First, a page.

Fandango sayshas the strongest advanced sales of any superhero movie its tracked and the best sales its seen for any movie released in the first quarter of the year. The comic book character was created in 1966 and was the first black superhero to go mainstream.
As critical praise builds and social media buzz flows, the movie with a black director and mostly-black cast is being hailed as something bigger than a box office success, reports Brook Silva-Braga.
"It's a cultural moment," said Fandango's Chris Witherspoon, who sees the story of a heroic king and his wealthy, futuristic African nation as a new moment for Hollywood.
"This film is unlike any superhero film that we've ever seen. It's a diverse story, it is long overdue, and there's this social media movement that's happening that I think is galvanizing ticket sales like we never have seen before," Witherspoon added.
That includes the "Black Panther Challenge," a viral online fundraising effort that started with plans to help kids in Harlem see the movie. With a nudge from Ellen DeGeneres, it's mushroomed to include more than 300 fundraisers poised to send tens of thousands of young fans to the theater.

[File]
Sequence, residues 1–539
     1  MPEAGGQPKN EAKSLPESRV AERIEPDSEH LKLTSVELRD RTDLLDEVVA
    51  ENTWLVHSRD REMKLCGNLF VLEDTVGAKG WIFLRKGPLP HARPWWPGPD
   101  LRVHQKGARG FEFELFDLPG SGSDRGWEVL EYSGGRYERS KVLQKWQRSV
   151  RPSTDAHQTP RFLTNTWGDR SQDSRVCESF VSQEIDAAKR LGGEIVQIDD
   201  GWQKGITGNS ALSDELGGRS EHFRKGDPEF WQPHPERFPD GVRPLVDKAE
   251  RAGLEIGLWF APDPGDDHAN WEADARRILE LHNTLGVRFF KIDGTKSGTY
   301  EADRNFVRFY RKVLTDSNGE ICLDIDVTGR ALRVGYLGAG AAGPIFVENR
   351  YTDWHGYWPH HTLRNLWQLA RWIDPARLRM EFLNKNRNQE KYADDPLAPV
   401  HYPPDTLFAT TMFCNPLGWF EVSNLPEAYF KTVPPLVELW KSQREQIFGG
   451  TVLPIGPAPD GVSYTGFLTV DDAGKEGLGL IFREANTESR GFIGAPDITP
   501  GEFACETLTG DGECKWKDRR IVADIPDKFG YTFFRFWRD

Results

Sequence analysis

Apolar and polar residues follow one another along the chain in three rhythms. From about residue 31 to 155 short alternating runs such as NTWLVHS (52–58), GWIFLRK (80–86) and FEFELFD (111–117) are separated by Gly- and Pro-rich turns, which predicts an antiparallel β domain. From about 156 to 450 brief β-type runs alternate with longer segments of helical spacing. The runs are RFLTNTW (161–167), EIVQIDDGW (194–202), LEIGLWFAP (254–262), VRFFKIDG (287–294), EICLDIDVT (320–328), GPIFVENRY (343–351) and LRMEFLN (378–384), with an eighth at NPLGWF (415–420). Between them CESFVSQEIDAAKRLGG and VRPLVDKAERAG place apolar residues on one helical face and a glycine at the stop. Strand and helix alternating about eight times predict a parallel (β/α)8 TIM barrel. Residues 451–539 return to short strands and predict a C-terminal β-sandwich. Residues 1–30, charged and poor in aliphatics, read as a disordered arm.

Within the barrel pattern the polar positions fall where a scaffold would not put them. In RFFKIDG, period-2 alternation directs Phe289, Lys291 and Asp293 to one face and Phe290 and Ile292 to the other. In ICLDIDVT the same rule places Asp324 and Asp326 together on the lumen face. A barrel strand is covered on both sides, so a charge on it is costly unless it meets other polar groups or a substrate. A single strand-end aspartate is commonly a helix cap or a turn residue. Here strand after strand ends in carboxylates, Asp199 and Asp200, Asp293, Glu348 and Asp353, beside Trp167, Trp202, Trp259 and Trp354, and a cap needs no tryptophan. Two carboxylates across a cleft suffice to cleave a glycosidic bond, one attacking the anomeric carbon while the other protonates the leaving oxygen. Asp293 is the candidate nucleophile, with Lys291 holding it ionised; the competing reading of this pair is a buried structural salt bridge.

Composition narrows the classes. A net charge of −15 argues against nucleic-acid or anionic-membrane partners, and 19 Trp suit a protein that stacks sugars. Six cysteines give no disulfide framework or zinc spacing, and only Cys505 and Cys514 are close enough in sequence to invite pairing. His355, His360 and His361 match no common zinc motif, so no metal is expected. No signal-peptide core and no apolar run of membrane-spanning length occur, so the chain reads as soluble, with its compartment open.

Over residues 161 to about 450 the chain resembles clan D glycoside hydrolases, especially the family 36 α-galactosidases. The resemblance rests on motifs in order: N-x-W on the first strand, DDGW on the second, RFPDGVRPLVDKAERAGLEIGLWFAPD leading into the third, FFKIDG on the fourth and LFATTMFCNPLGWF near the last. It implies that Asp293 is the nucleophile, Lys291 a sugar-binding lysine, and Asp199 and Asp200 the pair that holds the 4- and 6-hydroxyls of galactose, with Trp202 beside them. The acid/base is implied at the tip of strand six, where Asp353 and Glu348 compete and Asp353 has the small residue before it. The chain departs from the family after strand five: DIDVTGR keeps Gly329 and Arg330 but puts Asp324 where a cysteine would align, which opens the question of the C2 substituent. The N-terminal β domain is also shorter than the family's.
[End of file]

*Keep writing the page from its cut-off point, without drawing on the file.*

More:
"I think there's going to be a 5-year-old kid who walks into the theater and says, 'Wow, I can be T'Challa, I can be Shuri, I can be Okoye, I can be all these different wonderful characters that you see in this film,'" said Jamil Smith, who profiled director Ryan Coogler for a Time magazine cover story.
Critics are also adding to the hype with an almost unheard of 99 percent rating from Rotten Tomatoes, a website that averages movie reviews.
"This is a story that is not only interesting and compelling and well told, it's also fun, you know what I mean? And that's the thing that people may get lost with all the sort of, you know, preoccupation with politics and race," Smith said.
All the buzz is already stoking speculation that a sequel could be on the way.
"Black Panther" won't hit theaters until next Friday.